I would like some advice on how to join the downpipe from a new shed to my existing house downpipes. The house roof is 200m2 and the shed roof is 86m2.
The house is currently connected to the watertank via 90mm PVC piping. Both gutter outlets join to a 45° bend and a 90° elbow, as shown in the photo below. The two 90mm PVC pipes then meet at a joining tee before flowing into the tank.
My plan is to replace all 90mm pipes and fittings with 100mm to improve capacity (I've seen it overflow with very heavy rain). I'd also like to replace the 90° elbow with an 88° junction (drawn in red below) allowing me to connect the shed downpipe (blue):
Would the 88° junction be likely to overflow in a heavy downpour?
Also I'm thinking the tee could be replaced with a 45° junction + 45° bend facing the gutter pictured (i.e. shed downpipe direction), and a couple of 45° bends facing towards the far gutter, to improve flow.
Any advice would be really helpful thanks!
Welcome to the Bunnings Workshop community. It's a pleasure to have you join us, and thank you for sharing your question about your downpipes.
If the current system of 90mm overflows in strong rain, you can just imagine what would happen if you combined it with the flow from your shed. You'd be surprised at how much rainwater an area of 86m2 can catch. Gutter overflow often happens when there are not enough exits on the gutter. Imagine ten people on your roof slowly tipping a bucket of water on your roof every 30 seconds. At the end of the gutter is one person emptying the gutter with two buckets every 2 seconds. As more water is poured down your roof eventually the person emptying the gutter will be overwhelmed.
The more exits you provide for the rainwater means it will not gather in your gutter. With more exits, the flow will be smaller and even compared to a single exit where it is large and causes a deluge. The water has time to flow out of the system and is not forced into a single outlet. Increasing the diameter of the pipe will definitely help. My only tip for this particular setup is to make sure that the pipes are well mounted and secured with steel straps to prevent movement.
So can you still put in that "T" junction? Yes, you can, however, I suggest putting a bypass in case of too much rain. I suggest using Blue Mountain Co Plumbing 90mm Water Diverter. To save that diverted water, I suggest putting in Clark Tanks 3000L Poly Slim Water Tank - Rivergum behind your shed. You can also create your own storage system if you can source adequate containers.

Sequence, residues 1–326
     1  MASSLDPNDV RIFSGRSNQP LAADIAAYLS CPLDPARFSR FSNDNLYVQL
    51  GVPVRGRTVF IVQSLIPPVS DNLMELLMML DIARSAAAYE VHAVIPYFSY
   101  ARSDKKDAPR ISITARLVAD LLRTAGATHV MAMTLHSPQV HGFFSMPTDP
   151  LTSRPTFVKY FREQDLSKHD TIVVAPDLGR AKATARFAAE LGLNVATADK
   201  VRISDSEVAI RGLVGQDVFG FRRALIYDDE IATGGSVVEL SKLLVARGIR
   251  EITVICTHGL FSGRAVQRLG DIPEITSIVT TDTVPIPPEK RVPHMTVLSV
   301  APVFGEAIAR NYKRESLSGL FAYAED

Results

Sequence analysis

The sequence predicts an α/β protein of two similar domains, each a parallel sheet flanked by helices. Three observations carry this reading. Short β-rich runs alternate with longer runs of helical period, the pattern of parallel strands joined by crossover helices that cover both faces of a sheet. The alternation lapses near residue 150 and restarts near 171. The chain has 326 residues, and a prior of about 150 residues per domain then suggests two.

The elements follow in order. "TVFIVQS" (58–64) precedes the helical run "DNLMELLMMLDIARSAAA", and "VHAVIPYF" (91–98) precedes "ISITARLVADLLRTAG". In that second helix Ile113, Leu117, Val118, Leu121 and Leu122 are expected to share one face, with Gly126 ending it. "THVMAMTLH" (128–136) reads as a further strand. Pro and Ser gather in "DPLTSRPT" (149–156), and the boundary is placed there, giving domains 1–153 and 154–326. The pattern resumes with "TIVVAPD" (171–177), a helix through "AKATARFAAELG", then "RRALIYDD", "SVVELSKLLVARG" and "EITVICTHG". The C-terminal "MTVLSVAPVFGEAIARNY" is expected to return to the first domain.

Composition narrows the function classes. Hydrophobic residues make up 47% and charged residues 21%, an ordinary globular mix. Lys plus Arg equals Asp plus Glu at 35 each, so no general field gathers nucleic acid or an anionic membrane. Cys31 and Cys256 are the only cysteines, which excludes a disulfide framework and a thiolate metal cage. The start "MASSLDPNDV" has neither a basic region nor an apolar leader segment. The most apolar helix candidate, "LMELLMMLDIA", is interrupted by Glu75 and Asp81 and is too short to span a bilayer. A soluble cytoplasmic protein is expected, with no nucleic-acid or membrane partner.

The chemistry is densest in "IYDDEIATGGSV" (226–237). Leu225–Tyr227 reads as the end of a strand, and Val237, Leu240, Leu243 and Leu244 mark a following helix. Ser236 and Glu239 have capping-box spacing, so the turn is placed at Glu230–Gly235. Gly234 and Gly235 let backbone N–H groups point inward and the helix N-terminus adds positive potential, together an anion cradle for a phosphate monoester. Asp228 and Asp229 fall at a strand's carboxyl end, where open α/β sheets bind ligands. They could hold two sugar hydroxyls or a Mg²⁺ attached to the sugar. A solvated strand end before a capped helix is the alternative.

If you need further assistance, please let us know.
Hi @MatthiasMcRobbi , here is how I would consider tackling your downpipe issue:
I agree with @EricL that adding the extra pipe, even to a new 100m pipe could cause you problems during downpours.
I would replace just the 90mm pipe that runs off to the tank with 100mm (given that you said it currently only overflows occasionally),
but I would not connect it to the two 90mm pipes via a T piece, as at present. Instead I would fit a 100mm Rain Harvesting Leaf Eater
https://www.bunnings.com.au/rain-harvesting-100mm-leaf-eater-plus-rain-head_p0103435 just below where the T piece is now (assuming the run-off slope allows it) and connect it via a Rt Angle connection to the 100mm pipe. Then feed the two 90mm pipes over its intake.
I would then run the proposed new downpipe connection (90mm should be fine) all the way to the Leaf Eater and let it drain into there too.
(May need a 45^ connector at the end to turn the water inward toward the catcher?)
That way you will get less leaves into your tank and if there is a large downpour the excess will flow out at the Leaf catcher (i.e. outside) and not
back-up in your gutters where it could possibly flow back into the roof space.
To give a little more height for this, consider replacing the current 45^ gutter outlets with right angle outlets https://www.bunnings.com.au/holman-90mm-90-female-and-female-pvc-stormwater-elbow_p4770310 (only $1.90 each), so that the pipe is a little higher where it leaves the gutter end. (joining two, as at present to give the direction required, but going out before dropping down, rather than going both down and out that the current 45^ outlet is doing.)
Hi @MatthiasMcRobbi I'd say your overflow issues are caused by two things;
- inadequate fall on the actual pipes.
- the sharp angle of the outlet.
Large or surge volumes of water don't flow well when they hit a right-angled junction. Basically it causes the water to deflect straight back the direction it came and causes heavy turbulence as a result. This reduces flow & causes water to back-up. It can even trap a pocket of air which can effectively dam the pipe as it builds up, compresses & clears. You would see this as the gutter or downpipe inlet overflowing in surges - overflow, runs, overflows, runs...
Switching the immediate outlet sections to more gentle angles may help.
Until you remedy the existing issues I wouldn't look to add a second pipe & even then be careful as you may overload the existing pipes.
If you do add that pipe make sure the existing outlet is switched to a 45˚ like this one (pictured is threaded but you get the idea) as that allows water to 'merge' rather than 'collide'.